Brazil’s CPFL studies 4GW in renewables assets for M&A

IN DEPTH | Its last contracted wind farm is spinning, but with money in the bank and China State Grid behind it don't expect Brazil’s CPFL Renováveis to stand still, writes Alexandre Spatuzza

With R$1.4bn ($450m) in cash – and accruing revenues from its newest wind farm – Brazil’s CPFL Renováveis is studying 4GW in renewable energy assets for possible acquisition in a market where greenfield opportunities have been drastically reduced after almost two years without tenders.

“We will be looking at all possibilities of growth. But while waiting for new tenders, we are studying acquisitions and even the possibility of developing projects for the non-regulated market,” says CEO Gustavo Souza.

Souza referenced the 4GW of potential M&A targets while talking to Recharge during the official inauguration of the company’s last project to be contracted at a tender in 2014, the 48MW Pedra Cheirosa wind farm in the northeastern state of Ceará.

Located close to the seashore amid the coconut and manioc plantations of small landholders, Pedra Cheirosa – perfumed stone in Portuguese, which is itself a translation from the indigenous Tupi-Guarani word Itarema and the name of the municipality where it is located – has become a symbolic project for CPFL Renováveis.

Not only do the 80-metre steel towers support the first Siemens Gamesa G114 2.1MW machines to be installed in a regulated-market project in Brazil, but Pedra Cheirosa is the first wind farm to be inaugurated since the conclusion of the takeover of CPFL Renováveis by China’s State Grid earlier this year.

“Renewable energy will have great future in Brazil,” said Huang Futao, a State Grid vice president and the Chinese group’s only representative at the inauguration.

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Although the Brazilian government has promised to hold a renewable energy tender before the end of the year, local analysts expect it to be small compared to the average of 2GW contracted annually between 2009 and 2015.

And Souza will consider his options over how much of its 900MW tender-ready projects pipeline will be sold: “We will always be looking at the minimum return to our shareholders,” he said.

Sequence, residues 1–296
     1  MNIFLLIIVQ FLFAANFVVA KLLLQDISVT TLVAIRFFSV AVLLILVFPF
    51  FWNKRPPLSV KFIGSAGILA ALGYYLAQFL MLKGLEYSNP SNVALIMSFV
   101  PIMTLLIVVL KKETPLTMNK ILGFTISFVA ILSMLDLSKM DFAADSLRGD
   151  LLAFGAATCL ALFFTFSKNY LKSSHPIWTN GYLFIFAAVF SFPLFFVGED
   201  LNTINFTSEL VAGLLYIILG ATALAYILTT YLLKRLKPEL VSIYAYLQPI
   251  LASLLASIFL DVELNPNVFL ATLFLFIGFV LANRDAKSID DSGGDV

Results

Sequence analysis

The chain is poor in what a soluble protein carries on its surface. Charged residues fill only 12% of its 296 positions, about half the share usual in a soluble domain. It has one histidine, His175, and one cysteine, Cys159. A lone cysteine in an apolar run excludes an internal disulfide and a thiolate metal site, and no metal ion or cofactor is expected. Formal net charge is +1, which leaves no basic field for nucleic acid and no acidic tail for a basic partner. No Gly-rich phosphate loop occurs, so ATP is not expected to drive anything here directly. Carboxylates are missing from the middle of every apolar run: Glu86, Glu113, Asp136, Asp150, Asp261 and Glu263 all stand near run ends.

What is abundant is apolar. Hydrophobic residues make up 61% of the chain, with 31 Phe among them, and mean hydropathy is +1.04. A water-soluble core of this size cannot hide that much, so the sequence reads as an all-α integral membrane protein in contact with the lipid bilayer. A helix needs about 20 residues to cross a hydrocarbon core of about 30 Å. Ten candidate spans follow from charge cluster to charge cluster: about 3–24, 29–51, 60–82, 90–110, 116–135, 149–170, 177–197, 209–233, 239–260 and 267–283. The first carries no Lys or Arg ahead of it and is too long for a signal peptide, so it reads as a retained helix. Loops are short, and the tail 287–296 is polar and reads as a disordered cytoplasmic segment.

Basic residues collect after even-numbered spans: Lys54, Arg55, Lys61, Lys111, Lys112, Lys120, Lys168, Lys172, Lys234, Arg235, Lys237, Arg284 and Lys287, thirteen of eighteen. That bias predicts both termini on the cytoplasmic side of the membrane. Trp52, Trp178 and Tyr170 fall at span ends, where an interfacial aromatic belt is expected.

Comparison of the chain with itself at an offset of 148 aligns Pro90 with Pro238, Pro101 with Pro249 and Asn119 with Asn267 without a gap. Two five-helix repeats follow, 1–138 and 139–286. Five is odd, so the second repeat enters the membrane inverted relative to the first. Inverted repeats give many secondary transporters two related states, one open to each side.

CPFL Renováveis considers itself to be Brazil’s largest renewable energy company with a total of 2.1GW in operation, of which 1.3GW is wind. The rest includes small-hydro and biomass plants, and 1MW of solar.

With a national tally of 11.4GW in operation, Brazilian wind firms – except CPFL Renováveis – will still be building the last 6.6GW through to 2019. But the future is still as unclear as it was when the tenders were abruptly cancelled last year, as the government is now working on a deep revision of the country’s power sector model, promising to change how tenders work.

For CPFL, this is the time to improve its finances, backed by the financial strength of global heavyweight State Grid, which also invests in transmission and is said to be considering thermoelectric projects in Brazil.

Pedra Cheirosa, in fact, is key in this strategy, since it started operations almost 18 months earlier than its PPA contract, which was originally due to kick-in only in mid-2018. So its power will be sold on Brazil’s spot market – where prices can be three or four times the PPA price of R$156 per MWh – until January 2018, the new start date for the contracted supply deal negotiated with power regulator Aneel.

On the financial side, the company has been testing the waters in the capital markets. A recent R$250m issue of local currency bonds, says Souza, came in relatively cheap as investors recognised the heft of CPFL Renováveis’ backers.

“The presence of State Grid as a shareholder means that for us the financial costs in capital markets are very close to the [cheap] financing from the [National Development Bank] BNDES. This means that we are thinking about raising 30% or more of the financing from capital markets for future projects,” explains Souza.

Renewable energy projects in Brazil have always relied on the BNDES for around 60% of a project’s value, because its 16-year loans are some five percentage points or more below private banking rates or capital market costs.

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Despite efforts by the BNDES to increase the amount of corporate bonds in renewable energy as it reduces its own footprint, this typically does not go beyond 10%-15% of a project’s total cost.

Although Souza didn’t say whether new bond issues are planned to improve the servicing of its R$6.5bn debt, the company seems to be looking to the long term when Brazil’s renewable power sector gets back on track.

To be sure, a significant part of CPFL Renováveis’ growth since it was founded in 2006 was initially through M&A, which accounted for about 700MW of its 2.1GW operating assets. So the company is going back to its roots.

For now, inaugurations like Pedra Cheirosa will become rarer after the company’s final greenfield renewable energy project is concluded next year: the 26.5MW Boa Vista II small hydro project in the town of Varginha, in the southeastern state of Minas Gerais.

“Hope to see you next year in Varginha,” said Flávia Carvalho, the company’s chief communications officer once Pedra Cheirosa was officially operating.